Chris Tucker stars as Howard White in “Air” (Photo Credit: Ann Carballosa/Amazon Content Services).


(“Air” trailer courtesy of MGM)

It takes greatness to recognize the greatness in others before the world sees it.

Sure, once that underrated and unsung individual reaches unreachable heights, everyone claims to have known all along.

But in “Air,” the movie shows that to be great one must have a great belief in themselves and great confidence to put all their eggs in one basket, which is one great gamble.

In “Air,” Sonny Vaccaro (Matt Damon) is a gambling man anyway and many of his bets have become profitable.

He basically creates the high school basketball showcase concept, which other companies have taken and run with.

Although he works for Nike in its basketball division, Nike was not what it is today in the early 1980s.

Nike is in third place when it comes to the market share of sneakers.

Furthermore, Nike does not have the streets behind them.

No matter what athlete that Nike gets to endorse its shoes like Moses Malone or Artis Gilmore, it is hard for Nike to compete with Adidas and its track suits that everyone is wearing on the streets.

To make matters worse, hip-hop group Run-D.M.C. has cemented Adidas’ spot on the Mt. Rushmore of apparel companies for the urban market.

And as the urban market goes, so goes the mainstream market.

In “Air,” Adidas track suits are so popular that Nike’s own executive Howard White (Chris Tucker) has his cousin get him some track suits from overseas.

Howard would never wear the Adidas track suits to a Nike function.

However, as soon as he is on his own time, he rocks what the youngsters are rocking on the streets and that ain’t the swoosh from Nike.

In “Air,” it has gotten so bad in the basketball division that the board and the company’s CEO Phil Knight (Ben Affleck) are contemplating getting rid of the division totally.

In fact, who could blame them?

Nike is a running shoe company.

And the company makes billions on running shoes.

Furthermore, running shoes are the most popular sort of shoe for people.

The only time people wear basketball shoes is to play basketball.

And in 1984, even with Earvin “Magic” Johnson, Larry Bird and Julius Erving all wearing Converse sneakers, they have not made basketball shoes much more popular than they were before.

For Heaven’s sake, the NBA Finals was on tape delay not too long before the 1984-85 season.

So, America’s Pastime basketball is certainly not.

However, desperate times call for desperate measures.

In “Air,” Sonny knows he is on his last leg with the company.

Additionally, other employees in Nike’s basketball division are on their last leg too like Rob Strasser (Jason Bateman), who has made his reputation in the field of marketing.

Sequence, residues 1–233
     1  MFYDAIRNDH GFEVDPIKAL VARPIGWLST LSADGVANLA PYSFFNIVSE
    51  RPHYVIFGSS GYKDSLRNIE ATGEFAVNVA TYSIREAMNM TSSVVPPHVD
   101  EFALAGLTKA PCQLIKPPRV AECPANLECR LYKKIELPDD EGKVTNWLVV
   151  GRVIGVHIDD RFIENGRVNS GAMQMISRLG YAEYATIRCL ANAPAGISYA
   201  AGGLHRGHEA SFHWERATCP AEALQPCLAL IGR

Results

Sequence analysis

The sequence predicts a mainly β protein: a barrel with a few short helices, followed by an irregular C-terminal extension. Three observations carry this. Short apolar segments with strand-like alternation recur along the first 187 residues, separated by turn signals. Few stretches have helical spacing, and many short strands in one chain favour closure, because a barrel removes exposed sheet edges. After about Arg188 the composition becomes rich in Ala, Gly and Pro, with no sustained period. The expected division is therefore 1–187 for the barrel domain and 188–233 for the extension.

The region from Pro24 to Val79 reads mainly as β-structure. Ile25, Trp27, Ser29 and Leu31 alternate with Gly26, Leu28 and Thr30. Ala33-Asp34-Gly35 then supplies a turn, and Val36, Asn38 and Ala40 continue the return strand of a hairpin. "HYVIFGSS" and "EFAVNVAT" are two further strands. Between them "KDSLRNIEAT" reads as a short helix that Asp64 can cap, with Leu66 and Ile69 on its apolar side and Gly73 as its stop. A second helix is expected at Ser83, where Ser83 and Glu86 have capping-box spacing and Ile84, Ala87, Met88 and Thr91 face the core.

Nike has allotted $250,000 to promote its basketball shoe for the 1984-85 season and the company wants to spend it on three rookies.

Unfortunately, Hakeem Olajuwon (the number one overall pick in the draft) is signing with Converse.

Additionally, third overall pick Michael Jordan hates Nike and does not even want to take a meeting.

Jordan loves Adidas track suits too and wants to sign with the company even though he has accepted a meeting with Converse too.

In “Air,” Jordan is well-known throughout the basketball world because of his championship winning jumper against Georgetown in 1982.

But guards do not transform the league like big men.

And the fact that Jordan did not even average 20 points per game in college does not have many convinced that he will tear the league apart from an offense standpoint.

Nevertheless, Sonny eventually sees something that only a handful of people see early on and that is a fierce competitiveness, unshakeable faith in himself and a confidence that he will be great.

In “Air,” Sonny sees it.

Jordan’s coach at North Carolina Dean Smith sees it.

And Jordan’s parents James (Julius Tennon) and especially Deloris Jordan (Viola Davis) see it.

And because of that believe, all involved in the Jordan business are willing to go against the grain and break with custom to get Michael Jordan to the top of the sports and sports business world in an unprecedented way.

To stay in the Nike basketball shoe business, Sonny must convince Phil and the board that they need to put all their chips on Jordan like a true gambler and make him the face of the company and not just another face like the other shoes companies are offering.

First and foremost, “Air” is not a Jordan biopic, thankfully.

Jordan’s life has been so eventful and game-changing that it would take several movies to tell his unique story.

In “Air,” Jordan basically does not even appear in the movie.

The character Michael Jordan (Damian Young) is not really shown and says only a few mumbling words.

Nevertheless, Young is the perfect person to play the back of Jordan’s head because the back of his head looks just like the back of Jordan’s head in 1984 with actual hair on the head.

“Air” is star-studded to say the least with Marlon Wayans even showing up as George Raveling.

But the stars of “Air” are Davis and Tucker, who are both fantastic.

In “Air,” Davis is no nonsense and the embodiment of the phrase “know your worth.”

Additionally, Tucker is his usual hilarious self in “Air.”

Furthermore, “Air” will have 80s babies rocking in their seats to songs from Dazz Band, George Clinton, Zapp, Chaka Khan and Rufus and Cyndi Lauper.

Unfortunately, fans of Jordan will already know exactly what will happen in “Air.”

Nonetheless, with real star power a predictable story can become a very good film.

But the real star of “Air” is the message of the film and that is geniuses often look like crazy people until others realize that their craziness was actually brilliance.







Todd A. Smith
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